A number of proposals have been brought to the agenda by Co-Chairs to date. Some of them were in the form of plans, some others in the form of principles. The most resonating ones among them were the three proposals (draft peace agreement) offered to the parties in 1997 and 1998, which included most comprehensive plans for settlement of the conflict. As the first two drafts were accepted by Azerbaijan but rejected by Armenia, the OSCE Minsk Group Co-Chairs saw a need for putting forward third draft. The third proposal prepared by the Russian Co-Chair was aimed at eliminating Azerbaijan’s territorial integrity, and therefore, was not accepted by Azerbaijan.
The Co-Chairs put forward new initiatives and tried to start new processes in 1999, 2001, 2004 and 2007. In 1999, preparations were underway for signing a peace agreement during the OSCE Istanbul Summit. However, a terror act in the Armenian parliament on 27 October 1999 stopped this process (Speaker of Parliament, Prime Minister, Deputy Prime Ministers and 6 MPs were shot dead in the parliament). Meetings held in France and USA in 2001 also did not yield any result. Although the scope of peace talks was broadened during the 2004 Prague Process, no settlement could be achieved at the end.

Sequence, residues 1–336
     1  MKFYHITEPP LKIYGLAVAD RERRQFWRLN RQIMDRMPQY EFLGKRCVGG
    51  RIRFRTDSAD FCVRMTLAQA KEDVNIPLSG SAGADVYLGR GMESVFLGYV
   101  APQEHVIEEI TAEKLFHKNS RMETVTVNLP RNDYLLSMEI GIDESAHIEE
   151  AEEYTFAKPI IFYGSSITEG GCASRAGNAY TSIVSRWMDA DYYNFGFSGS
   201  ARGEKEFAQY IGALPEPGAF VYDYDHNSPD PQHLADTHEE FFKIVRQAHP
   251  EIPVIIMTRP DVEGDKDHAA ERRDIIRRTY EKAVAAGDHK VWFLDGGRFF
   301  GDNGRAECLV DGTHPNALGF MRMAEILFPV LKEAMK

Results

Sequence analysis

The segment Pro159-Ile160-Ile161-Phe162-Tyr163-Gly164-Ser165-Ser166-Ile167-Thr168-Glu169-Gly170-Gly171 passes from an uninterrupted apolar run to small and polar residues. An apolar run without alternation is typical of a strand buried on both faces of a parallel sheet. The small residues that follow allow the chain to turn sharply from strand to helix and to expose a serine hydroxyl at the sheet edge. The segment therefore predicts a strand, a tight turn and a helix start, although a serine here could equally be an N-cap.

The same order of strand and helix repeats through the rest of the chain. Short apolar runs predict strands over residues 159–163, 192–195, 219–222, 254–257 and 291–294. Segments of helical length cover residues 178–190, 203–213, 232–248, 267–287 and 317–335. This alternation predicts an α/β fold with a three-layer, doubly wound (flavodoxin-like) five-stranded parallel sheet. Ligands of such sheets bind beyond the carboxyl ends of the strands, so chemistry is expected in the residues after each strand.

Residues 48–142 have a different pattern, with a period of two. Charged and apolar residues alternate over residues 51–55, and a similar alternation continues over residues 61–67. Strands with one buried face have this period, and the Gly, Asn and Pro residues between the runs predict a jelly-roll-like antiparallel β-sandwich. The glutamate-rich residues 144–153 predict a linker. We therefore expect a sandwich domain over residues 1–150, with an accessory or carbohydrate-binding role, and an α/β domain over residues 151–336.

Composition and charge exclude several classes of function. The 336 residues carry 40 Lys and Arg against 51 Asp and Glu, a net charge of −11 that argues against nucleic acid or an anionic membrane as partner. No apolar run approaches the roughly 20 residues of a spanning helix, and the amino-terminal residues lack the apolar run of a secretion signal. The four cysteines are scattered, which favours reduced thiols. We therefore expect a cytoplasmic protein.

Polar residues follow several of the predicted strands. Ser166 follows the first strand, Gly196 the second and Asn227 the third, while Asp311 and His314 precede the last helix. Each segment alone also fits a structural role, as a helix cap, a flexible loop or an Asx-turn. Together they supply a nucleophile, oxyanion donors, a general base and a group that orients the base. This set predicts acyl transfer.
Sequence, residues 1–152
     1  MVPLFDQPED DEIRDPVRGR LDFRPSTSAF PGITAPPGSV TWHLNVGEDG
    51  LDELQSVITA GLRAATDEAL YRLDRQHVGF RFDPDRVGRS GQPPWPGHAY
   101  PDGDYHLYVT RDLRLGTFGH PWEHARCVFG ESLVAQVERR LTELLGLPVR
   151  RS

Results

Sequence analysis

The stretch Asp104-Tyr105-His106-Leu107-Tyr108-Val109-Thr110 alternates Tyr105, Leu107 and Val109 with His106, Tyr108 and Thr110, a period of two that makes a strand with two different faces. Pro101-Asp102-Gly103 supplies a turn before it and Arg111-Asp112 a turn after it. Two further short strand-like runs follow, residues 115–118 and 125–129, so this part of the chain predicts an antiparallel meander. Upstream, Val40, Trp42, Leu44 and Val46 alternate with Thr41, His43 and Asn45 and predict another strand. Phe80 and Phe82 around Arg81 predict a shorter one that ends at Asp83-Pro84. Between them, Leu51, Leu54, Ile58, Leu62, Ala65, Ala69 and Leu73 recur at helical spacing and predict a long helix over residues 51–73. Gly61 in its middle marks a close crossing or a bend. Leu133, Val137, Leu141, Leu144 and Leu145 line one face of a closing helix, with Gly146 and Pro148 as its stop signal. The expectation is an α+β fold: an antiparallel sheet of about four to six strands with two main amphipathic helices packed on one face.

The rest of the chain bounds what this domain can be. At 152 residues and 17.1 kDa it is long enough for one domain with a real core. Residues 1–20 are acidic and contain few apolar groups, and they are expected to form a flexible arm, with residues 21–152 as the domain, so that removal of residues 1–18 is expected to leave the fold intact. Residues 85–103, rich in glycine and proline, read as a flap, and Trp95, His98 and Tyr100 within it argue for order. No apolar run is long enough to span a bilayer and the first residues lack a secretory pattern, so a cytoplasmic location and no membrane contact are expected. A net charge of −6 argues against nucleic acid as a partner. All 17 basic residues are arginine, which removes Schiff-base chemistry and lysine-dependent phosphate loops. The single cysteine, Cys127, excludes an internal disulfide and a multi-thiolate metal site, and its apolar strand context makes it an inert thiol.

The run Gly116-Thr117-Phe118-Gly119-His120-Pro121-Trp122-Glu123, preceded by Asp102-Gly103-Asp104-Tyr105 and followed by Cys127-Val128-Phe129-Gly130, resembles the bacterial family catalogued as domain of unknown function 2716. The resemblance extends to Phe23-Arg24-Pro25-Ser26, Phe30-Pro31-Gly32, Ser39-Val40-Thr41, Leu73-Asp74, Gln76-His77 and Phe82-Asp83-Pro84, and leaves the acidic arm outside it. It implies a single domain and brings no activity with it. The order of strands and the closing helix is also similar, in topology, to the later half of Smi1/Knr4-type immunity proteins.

“Madrid principles” and “Lavrov plan”
On 29 November 2007, the OSCE Minsk Group Co-Chairs submitted a new proposal on basic principles for settlement of the Nagorno-Karabakh conflict (later called “Madrid principles”) to the Foreign Ministers of Armenia and Azerbaijan. Both parties accused each other of not complying with the principles. The renewed Madrid principles proposed to the parties in 2009 suffered a similar fate.
After the August 2008 war between Russia and Georgia, as well as the four-day war in April 2016 between Armenia and Azerbaijan, the Co-Chairs stated that the status quo was risky and must be changed. Efforts for a resolution were supposedly intensified and new proposals described as “Lavrov plan” were put on the table in 2016. According to this plan, firstly Armenia would withdraw from 5 occupied Azerbaijani districts around Nagorno-Karabakh Autonomous Region and then mutual steps would be taken by the parties. While Armenia did not object to this plan, it did not take any step in practice and continued its occupation of Azerbaijani territories. There are some opinions that this situation was not liked by Russia either.